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lime, is brought down to our view in Christ; the brightness of God is veiled, and veiled in our own flesh that we may be able to look on it. The inaccessible light of the Deity is so attempered in the humanity of Christ, that we may read our lesson by it in him, and may direct our walk by it; and that truly is our only way; there is nothing but wandering and perishing in all other ways; nothing but darkness and misery out of him; but he that follows me, says he, shall not walk in darkness'. And therefore is he set before us in the gospel, in so clear and lively colours, that we may make this our whole endeavour to be like him.

Consider here: 1. The high engagement to this conformity. 2. The nature of it. 3. The actual improvement of it. 1. The engagement lies in this, that he suffered for us. Of this before; only in reference to this, had he come down, as some have mis-imagined it, only to set us this perfect way of obedience, and give us an example of it in our own nature; this had been very much. That the Son of God should descend to teach wretched man, and the great King to descend into man, and dwell in a tabernacle of clay, to set up a school in it, for such ignorant accursed creatures ! and should in his own person act the hardest lessons, both in doing and suffering, to lead us in both. But the matter goes yet higher than this. Oh! how much higher hath he suffered, not simply as our rule, but as our Surety, and in our stead. He suffered for us in the flesh. We are the more obliged to make his suffering our example, because it was to us more than an example, it was our ransom.

This makes the conformity reasonable in a double respect: 1. It is due that we follow him, who led thus as the Captain of our Salvation; that we follow in suffering, and in doing, seeing both were so

It is strange how some armies have addicted themselves to their head, to be at his call night and day, in summer and winter; to refuse no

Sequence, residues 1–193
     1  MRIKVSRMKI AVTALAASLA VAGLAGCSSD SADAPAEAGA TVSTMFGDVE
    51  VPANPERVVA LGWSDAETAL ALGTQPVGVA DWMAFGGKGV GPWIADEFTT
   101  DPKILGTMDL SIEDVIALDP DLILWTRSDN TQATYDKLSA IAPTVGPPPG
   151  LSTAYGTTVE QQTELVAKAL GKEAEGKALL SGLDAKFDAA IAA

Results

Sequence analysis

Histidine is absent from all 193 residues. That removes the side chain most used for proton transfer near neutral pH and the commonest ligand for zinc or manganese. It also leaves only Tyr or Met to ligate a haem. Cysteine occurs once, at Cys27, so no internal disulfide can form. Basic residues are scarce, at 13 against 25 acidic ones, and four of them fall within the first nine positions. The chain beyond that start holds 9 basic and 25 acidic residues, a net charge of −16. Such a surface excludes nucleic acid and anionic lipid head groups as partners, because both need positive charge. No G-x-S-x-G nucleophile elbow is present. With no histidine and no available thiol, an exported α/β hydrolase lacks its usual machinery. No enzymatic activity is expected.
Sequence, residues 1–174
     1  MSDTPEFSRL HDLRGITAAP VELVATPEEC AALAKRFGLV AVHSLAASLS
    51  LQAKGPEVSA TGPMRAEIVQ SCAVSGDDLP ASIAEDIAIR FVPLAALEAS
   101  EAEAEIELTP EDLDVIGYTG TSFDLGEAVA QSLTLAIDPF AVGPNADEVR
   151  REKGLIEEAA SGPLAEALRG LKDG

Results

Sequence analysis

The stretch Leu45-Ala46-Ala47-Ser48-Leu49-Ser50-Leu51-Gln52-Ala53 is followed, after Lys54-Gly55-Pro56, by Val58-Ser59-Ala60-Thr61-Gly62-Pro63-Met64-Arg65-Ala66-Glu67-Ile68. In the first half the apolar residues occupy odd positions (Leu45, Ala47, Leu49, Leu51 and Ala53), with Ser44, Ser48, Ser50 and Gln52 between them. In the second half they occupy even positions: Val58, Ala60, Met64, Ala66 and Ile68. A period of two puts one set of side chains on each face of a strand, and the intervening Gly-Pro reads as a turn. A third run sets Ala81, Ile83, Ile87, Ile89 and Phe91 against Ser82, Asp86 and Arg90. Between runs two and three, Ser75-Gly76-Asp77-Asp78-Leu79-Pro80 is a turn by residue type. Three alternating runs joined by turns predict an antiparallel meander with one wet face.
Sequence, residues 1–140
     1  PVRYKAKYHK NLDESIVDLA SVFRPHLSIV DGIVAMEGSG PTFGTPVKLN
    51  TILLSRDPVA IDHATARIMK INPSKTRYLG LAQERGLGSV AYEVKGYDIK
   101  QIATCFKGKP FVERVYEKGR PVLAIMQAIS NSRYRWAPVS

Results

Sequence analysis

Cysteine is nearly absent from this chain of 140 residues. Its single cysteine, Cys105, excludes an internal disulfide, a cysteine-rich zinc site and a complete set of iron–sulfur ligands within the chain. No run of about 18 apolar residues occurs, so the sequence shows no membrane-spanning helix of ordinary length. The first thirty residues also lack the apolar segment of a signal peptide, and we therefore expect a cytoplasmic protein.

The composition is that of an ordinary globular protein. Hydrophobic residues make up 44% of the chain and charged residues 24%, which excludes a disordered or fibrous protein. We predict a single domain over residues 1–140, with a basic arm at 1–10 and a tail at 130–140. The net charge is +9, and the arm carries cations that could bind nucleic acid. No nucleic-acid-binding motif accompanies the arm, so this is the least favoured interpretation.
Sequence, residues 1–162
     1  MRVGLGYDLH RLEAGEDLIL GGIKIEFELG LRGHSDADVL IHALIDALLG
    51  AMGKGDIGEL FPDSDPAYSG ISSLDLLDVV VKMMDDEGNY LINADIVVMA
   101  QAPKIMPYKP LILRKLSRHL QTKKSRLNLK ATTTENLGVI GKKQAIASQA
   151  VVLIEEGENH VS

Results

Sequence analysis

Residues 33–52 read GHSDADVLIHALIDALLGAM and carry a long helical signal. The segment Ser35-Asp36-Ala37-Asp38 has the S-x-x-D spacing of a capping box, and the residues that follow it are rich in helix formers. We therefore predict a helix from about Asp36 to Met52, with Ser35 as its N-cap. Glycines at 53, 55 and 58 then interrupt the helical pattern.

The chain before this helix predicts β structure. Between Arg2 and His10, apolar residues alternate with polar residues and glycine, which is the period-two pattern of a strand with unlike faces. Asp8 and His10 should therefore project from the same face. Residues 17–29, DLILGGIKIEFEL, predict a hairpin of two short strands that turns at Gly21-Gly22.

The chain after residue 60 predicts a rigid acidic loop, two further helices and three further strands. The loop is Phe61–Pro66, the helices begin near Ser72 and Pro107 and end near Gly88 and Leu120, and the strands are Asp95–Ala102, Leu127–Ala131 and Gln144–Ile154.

's John viii. 12.

for us.

travail or endurance of hardship for him; 'and all only to please him, and serve his inclination and ambition; as Cæsar's trained bands, especially the veterans, what hardships did they not endure in counter-marches, and in traversing different and distant countries? But besides that, our Lord and leader is most great and excellent, and so well deserves following for his own worth. This lays upon us an obligation beyond all conceiving, that he first suffered for us; that he endured such hatred of men, , and such wrath of God the Father, and went through death, so vile a death, to procure our life. What can be too bitter to endure, or too sweet to forsake, to follow him? Were this duly considered, would we cleave to our lusts, or to our ease? Would we not go through fire and water, yea, through death itself, and, were it possible, through many deaths, to follow him?

1. Consider, as it is justly due, so it is made easy by that his suffering for us. Our burden, that pressed us to hell, being taken off, is not all that is left, to suffer or do, as nothing? Our chains, that bound us over to eternal death, being knocked off, shall we not walk, shall we not run, in his ways? Oh! think what that burden and yoke was he hath eased us of; how heavy, how unsufferable, it was, and then we shall think what he so truly says, that all he lays on is sweet; His yoke easy, and his burden light. Oh! the happy change, to be rescued from the vilest slavery, and called to conformity and fellowship with the Son of God.